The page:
24. The lime cycle Calcium carbonate (limestone)  Calcium oxide (quicklime) + Carbon dioxide CaCO3 CaO + CO2 Quicklime + water  Hydrated (slaked) lime CaO + H2O  Ca(OH)2 Hydrated lime + Carbon dioxide  Calcium carbonate + water Ca(OH)2 + CO2 CaCO3 + H2O

  25. Quicklime The quicklime is highly reactive. Some of it is used directly (e.g. in concrete block production) but most of it is slaked in the hydration reaction which is quite violent and gives off a lot of heat.

  26. Hydrated Lime • Hydrated lime is sold at builders merchants for use in bricklaying mortar. Traditional mortars set by the carbonation reaction. • In modern construction cement is used in the mortar to achieve a rapid strength gain.

  27. 1.13 SOME CONCEPTS IN CHEMISTRY • 1.13.1 The components of the atom • 1.13.2 Chemical reactions • 1.13.3 Acids and bases • 1.13.4 Oxidising and reducing agents • 1.13.5 The lime cycle • 1.13.6 The gypsum cycle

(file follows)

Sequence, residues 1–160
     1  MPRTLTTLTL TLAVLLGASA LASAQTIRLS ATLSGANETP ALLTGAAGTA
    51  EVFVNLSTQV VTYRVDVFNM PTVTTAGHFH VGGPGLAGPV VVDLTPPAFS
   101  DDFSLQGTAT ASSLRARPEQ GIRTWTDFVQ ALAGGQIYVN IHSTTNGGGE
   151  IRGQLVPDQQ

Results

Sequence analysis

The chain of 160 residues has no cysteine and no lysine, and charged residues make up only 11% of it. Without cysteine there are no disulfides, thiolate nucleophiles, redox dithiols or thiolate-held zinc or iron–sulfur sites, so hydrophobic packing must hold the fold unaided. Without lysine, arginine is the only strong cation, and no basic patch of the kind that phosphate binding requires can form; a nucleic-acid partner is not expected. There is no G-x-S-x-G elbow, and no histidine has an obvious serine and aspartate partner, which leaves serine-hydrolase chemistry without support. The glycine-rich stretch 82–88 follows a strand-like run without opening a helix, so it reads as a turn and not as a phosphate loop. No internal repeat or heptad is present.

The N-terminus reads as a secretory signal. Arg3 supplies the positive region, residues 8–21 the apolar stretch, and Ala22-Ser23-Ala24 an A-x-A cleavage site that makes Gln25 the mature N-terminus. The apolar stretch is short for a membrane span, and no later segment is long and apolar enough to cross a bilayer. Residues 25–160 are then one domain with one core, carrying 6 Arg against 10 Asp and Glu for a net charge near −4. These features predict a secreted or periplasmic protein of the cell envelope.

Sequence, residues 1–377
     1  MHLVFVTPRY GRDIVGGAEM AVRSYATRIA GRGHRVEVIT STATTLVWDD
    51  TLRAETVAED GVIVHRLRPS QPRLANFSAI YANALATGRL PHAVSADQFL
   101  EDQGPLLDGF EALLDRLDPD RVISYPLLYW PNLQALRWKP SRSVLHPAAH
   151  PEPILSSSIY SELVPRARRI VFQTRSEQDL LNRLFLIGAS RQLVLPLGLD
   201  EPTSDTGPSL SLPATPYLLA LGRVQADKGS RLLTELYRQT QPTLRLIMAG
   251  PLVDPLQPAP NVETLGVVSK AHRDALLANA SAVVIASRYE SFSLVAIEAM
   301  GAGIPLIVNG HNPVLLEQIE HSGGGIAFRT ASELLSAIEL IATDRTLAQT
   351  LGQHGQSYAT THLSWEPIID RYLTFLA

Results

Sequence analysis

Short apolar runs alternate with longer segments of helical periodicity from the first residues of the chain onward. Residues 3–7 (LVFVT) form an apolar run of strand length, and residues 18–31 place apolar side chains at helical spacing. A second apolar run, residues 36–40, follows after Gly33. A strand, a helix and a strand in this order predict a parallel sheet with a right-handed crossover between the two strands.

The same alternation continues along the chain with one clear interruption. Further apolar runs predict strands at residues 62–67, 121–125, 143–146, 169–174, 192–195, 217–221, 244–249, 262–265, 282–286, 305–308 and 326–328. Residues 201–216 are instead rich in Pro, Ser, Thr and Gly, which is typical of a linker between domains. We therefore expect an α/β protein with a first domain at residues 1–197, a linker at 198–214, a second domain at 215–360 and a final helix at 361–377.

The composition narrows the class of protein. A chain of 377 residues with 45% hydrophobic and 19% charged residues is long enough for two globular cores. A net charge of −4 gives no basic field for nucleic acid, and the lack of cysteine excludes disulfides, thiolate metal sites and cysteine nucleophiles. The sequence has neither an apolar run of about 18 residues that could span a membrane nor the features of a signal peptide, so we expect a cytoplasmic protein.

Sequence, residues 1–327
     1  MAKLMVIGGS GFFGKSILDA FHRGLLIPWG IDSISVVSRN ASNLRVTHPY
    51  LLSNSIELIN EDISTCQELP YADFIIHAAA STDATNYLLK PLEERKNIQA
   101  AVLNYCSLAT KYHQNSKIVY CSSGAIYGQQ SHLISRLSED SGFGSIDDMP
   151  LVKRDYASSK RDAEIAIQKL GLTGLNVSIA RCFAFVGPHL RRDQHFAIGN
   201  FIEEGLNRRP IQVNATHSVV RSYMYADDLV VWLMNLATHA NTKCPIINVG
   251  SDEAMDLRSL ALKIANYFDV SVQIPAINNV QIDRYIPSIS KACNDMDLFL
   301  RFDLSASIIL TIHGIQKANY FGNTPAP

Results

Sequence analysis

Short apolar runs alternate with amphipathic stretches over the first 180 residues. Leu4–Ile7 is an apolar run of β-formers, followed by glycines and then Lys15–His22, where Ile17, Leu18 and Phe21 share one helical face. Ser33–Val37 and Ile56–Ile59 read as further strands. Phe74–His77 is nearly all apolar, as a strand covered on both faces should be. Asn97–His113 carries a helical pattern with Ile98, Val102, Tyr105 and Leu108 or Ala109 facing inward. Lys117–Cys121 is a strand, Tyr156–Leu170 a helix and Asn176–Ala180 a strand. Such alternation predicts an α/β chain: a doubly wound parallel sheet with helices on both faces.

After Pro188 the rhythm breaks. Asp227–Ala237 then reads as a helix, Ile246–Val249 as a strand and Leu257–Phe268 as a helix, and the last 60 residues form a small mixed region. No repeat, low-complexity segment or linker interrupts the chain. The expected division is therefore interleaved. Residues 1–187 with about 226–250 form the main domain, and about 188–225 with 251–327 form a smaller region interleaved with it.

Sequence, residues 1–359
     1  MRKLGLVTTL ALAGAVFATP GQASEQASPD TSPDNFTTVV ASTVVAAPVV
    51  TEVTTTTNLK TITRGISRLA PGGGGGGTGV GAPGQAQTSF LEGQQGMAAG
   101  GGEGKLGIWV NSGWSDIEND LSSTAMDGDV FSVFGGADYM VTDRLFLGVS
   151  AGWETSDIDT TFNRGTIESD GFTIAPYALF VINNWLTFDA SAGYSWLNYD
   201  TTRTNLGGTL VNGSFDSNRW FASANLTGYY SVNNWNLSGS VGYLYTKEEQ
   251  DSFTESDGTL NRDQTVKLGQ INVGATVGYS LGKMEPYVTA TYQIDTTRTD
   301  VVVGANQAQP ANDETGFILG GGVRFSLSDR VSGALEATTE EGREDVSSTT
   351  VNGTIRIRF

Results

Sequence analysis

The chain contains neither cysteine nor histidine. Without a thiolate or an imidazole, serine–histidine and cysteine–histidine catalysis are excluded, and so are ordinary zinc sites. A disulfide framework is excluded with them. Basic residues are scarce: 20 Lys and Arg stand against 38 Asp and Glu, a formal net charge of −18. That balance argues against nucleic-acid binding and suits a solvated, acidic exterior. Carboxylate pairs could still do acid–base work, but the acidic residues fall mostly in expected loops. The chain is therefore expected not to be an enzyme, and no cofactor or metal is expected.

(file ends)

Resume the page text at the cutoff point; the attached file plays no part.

28. The Gypsum Cycle • If gypsum is heated it will calcine to produce hemihydrate (stucco): • 2CaSO4.2H2O  2CaSO4.½H2O + 3H2O  • Hemihydrate can be calcined further to produce anhydrite: • 2CaSO4.½H2O  2CaSO4 + H2O

  29. Hemihydrate • This material is used for plaster and plasterboard. • When mixed with water it will revert back to gypsum, i.e the plaster will set. • It can also be used for block manufacture (for internal use) and floor screeds, although this is not common in the UK.

  30. Sources of Gypsum • In the UK plaster and plasterboard is produced by calcining both natural and by-product gypsum (mainly from coal burning power station flue-gas scrubbers). • The cement industry also uses both sources.

  31. Flue Gas Scrubber Installation

  32. Hemihydrate feed

  33. Paper feed for plasterboard

  34. Plasterboard Forming Plates

  35. Plasterboard line